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Polarisers in the focal domain: Theoretical model and experimental validation

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ABSTRACT

Polarisers are one of the most widely used devices in optical set-ups. They are commonly used with paraxial beams that propagate in the normal direction of the polariser plane. Nevertheless, the conventional projection character of these devices may change when the beam impinges a polariser with a certain angle of incidence. This effect is more noticeable if polarisers are used in optical systems with a high numerical aperture, because multiple angles of incidence have to be taken into account. Moreover, the non-transverse character of highly focused beams makes the problem more complex and strictly speaking, the Malus’ law does not apply. In this paper we develop a theoretical framework to explain how ideal polarisers affect the behavior of highly focused fields. In this model, the polarisers are considered as birefringent plates, and the vector behaviour of focused fields is described using the plane-wave angular spectrum approach. Experiments involving focused fields were conducted to verify the theoretical model and a satisfactory agreement between theoretical and experimental results was found.

No MeSH data available.


Coordinate system and geometrical magnitudes.(a) General view. (b) View of e1, ,  and . (c) Profile view of the z- and c- plane.
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f6: Coordinate system and geometrical magnitudes.(a) General view. (b) View of e1, , and . (c) Profile view of the z- and c- plane.

Mentions: Polarisers and retarder plates have been described as a uniaxial anisotropic plane-parallel media of thickness L with the optical axis (c-axis) parallel to the plate surfaces2122. This description provides an appropriate mathematical framework for explaining the behaviour of light when interacts with these devices. The coordinate system is selected in such a way that the z-axis is orthogonal to the plate surface, being β the angle between the c- and the x-axes. Accordingly, the direction of the c-axis is described by vector . Figure 6 describes the geometrical magnitudes involved in the problem. In particular, angle Ψ [see Eq. (6)] is defined by and e1, where and are the ordinary and extraordinary unit vectors.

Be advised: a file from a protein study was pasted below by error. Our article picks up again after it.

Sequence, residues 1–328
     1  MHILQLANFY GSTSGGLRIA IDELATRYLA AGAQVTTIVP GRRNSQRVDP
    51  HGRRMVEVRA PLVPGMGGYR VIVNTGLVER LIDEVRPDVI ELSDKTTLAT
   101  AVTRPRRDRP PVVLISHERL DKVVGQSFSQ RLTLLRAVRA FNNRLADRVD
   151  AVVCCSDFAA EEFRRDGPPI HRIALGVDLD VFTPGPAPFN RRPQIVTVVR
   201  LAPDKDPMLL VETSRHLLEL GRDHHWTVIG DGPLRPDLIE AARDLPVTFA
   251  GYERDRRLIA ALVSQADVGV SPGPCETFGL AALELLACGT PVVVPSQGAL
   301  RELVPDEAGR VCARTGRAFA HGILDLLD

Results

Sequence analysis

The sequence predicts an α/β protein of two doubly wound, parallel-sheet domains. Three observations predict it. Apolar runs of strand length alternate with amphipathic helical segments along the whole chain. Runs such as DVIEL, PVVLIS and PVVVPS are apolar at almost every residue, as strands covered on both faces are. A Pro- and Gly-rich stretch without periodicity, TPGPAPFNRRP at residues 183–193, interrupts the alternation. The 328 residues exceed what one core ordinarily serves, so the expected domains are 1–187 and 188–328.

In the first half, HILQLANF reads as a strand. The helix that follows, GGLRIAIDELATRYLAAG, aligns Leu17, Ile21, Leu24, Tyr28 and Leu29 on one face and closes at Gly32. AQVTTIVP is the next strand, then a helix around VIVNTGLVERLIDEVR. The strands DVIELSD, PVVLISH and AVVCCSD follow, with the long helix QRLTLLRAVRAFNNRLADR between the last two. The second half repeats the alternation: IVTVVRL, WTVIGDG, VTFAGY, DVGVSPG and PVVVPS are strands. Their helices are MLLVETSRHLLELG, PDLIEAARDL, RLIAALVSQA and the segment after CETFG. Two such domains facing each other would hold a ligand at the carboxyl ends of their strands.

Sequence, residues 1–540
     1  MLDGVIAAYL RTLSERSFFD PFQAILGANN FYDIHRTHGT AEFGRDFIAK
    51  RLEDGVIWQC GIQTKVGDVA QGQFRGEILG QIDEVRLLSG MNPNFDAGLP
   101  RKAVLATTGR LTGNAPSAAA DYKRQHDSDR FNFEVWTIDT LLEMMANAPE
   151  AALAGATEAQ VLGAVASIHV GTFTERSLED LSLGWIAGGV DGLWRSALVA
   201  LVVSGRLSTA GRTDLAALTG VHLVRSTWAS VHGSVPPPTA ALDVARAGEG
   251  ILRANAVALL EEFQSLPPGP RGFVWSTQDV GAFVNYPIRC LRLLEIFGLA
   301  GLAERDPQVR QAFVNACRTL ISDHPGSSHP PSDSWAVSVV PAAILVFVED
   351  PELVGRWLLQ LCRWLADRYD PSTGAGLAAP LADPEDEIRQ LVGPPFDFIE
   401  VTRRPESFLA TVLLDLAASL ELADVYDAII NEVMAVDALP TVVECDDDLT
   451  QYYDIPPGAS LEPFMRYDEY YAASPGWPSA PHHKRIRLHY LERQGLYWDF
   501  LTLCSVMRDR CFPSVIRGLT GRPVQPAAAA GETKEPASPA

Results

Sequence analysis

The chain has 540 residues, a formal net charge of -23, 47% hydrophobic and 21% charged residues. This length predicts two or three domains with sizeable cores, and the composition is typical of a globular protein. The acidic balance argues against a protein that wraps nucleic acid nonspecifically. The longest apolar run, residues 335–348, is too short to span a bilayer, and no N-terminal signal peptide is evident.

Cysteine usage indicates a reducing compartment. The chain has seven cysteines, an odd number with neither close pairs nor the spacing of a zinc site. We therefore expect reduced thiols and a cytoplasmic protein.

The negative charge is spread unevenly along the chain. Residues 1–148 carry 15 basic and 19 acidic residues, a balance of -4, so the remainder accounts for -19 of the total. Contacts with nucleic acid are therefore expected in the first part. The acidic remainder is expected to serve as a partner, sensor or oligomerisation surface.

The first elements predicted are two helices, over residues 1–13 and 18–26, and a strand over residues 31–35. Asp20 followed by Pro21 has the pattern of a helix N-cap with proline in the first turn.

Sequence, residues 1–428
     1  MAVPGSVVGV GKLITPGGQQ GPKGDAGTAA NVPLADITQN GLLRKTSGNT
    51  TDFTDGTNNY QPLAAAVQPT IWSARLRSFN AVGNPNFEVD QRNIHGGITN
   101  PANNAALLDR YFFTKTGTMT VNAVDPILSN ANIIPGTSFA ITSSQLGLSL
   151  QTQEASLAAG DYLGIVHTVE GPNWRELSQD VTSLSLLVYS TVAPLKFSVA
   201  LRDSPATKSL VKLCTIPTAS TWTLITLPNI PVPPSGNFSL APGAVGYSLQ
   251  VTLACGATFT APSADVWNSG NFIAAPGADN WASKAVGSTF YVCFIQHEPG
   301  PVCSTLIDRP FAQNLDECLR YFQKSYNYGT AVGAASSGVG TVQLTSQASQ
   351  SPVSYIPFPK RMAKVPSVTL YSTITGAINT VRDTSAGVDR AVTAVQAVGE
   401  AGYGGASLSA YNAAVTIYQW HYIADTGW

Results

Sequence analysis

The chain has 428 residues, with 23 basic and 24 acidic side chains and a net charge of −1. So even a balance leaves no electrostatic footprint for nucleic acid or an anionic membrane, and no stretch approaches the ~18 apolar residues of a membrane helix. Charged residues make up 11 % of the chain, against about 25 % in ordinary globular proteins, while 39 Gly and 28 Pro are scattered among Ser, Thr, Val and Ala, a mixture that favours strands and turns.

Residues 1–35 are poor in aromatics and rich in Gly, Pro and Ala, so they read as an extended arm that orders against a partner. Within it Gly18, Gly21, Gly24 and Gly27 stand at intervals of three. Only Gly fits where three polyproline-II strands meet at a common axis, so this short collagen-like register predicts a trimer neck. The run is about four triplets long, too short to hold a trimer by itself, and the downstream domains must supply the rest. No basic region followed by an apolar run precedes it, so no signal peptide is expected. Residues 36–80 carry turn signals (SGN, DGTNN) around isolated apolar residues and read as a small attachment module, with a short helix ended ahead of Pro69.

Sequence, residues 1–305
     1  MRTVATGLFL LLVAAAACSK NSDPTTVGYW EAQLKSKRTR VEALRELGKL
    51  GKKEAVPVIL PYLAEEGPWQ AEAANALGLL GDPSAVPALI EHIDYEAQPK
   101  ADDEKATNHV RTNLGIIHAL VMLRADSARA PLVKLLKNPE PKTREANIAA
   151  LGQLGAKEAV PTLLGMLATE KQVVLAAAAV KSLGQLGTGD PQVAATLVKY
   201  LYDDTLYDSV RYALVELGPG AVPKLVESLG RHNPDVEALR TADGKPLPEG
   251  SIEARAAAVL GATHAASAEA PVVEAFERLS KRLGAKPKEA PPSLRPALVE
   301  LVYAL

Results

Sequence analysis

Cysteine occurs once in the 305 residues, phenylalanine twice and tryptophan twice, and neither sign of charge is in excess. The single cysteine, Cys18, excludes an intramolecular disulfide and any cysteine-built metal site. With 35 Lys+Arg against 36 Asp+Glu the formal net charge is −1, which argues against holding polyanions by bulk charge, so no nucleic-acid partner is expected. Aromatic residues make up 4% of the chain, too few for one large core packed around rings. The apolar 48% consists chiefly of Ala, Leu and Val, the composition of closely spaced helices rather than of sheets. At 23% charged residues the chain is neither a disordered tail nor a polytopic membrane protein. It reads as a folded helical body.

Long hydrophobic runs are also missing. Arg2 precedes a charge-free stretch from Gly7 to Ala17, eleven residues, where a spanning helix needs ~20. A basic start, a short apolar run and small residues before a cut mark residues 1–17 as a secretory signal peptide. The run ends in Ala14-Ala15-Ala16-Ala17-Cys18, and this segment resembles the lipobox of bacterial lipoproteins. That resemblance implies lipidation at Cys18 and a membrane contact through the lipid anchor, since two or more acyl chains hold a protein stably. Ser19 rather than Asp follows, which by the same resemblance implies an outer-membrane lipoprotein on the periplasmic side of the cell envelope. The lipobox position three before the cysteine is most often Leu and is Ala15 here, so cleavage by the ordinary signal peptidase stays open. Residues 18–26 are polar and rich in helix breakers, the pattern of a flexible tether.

Polarisers in the focal domain: Theoretical model and experimental validation
Coordinate system and geometrical magnitudes.(a) General view. (b) View of e1, ,  and . (c) Profile view of the z- and c- plane.
© Copyright Policy - open-access
Related In: Results  -  Collection

License
Show All Figures
getmorefigures.php?uid=PMC5304165&req=5

f6: Coordinate system and geometrical magnitudes.(a) General view. (b) View of e1, , and . (c) Profile view of the z- and c- plane.
Mentions: Polarisers and retarder plates have been described as a uniaxial anisotropic plane-parallel media of thickness L with the optical axis (c-axis) parallel to the plate surfaces2122. This description provides an appropriate mathematical framework for explaining the behaviour of light when interacts with these devices. The coordinate system is selected in such a way that the z-axis is orthogonal to the plate surface, being β the angle between the c- and the x-axes. Accordingly, the direction of the c-axis is described by vector . Figure 6 describes the geometrical magnitudes involved in the problem. In particular, angle Ψ [see Eq. (6)] is defined by and e1, where and are the ordinary and extraordinary unit vectors.

View Article: PubMed Central - PubMed

ABSTRACT

Polarisers are one of the most widely used devices in optical set-ups. They are commonly used with paraxial beams that propagate in the normal direction of the polariser plane. Nevertheless, the conventional projection character of these devices may change when the beam impinges a polariser with a certain angle of incidence. This effect is more noticeable if polarisers are used in optical systems with a high numerical aperture, because multiple angles of incidence have to be taken into account. Moreover, the non-transverse character of highly focused beams makes the problem more complex and strictly speaking, the Malus’ law does not apply. In this paper we develop a theoretical framework to explain how ideal polarisers affect the behavior of highly focused fields. In this model, the polarisers are considered as birefringent plates, and the vector behaviour of focused fields is described using the plane-wave angular spectrum approach. Experiments involving focused fields were conducted to verify the theoretical model and a satisfactory agreement between theoretical and experimental results was found.

No MeSH data available.